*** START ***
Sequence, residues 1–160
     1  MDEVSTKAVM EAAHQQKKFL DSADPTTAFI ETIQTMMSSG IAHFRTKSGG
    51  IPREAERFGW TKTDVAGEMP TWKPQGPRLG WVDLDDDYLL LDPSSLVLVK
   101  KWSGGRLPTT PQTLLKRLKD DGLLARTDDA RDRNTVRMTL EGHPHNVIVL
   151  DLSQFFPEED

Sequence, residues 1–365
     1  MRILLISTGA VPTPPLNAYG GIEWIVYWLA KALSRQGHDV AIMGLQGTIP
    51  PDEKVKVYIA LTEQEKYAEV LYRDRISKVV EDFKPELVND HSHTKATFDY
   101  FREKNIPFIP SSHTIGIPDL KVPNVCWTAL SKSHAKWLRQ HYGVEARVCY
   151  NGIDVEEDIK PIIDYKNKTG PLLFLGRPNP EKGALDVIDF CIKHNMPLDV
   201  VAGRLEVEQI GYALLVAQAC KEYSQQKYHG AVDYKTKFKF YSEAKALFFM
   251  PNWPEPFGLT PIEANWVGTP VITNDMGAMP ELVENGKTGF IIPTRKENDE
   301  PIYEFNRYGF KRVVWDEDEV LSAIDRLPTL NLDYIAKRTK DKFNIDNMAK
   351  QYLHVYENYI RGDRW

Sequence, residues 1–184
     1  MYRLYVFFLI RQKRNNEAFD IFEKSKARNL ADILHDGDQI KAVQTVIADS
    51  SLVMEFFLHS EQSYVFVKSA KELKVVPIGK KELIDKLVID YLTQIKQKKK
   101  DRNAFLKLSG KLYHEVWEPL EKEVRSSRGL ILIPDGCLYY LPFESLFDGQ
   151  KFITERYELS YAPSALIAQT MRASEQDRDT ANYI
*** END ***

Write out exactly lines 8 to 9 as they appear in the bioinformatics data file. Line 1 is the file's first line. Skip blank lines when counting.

    51  PDEKVKVYIA LTEQEKYAEV LYRDRISKVV EDFKPELVND HSHTKATFDY
   101  FREKNIPFIP SSHTIGIPDL KVPNVCWTAL SKSHAKWLRQ HYGVEARVCY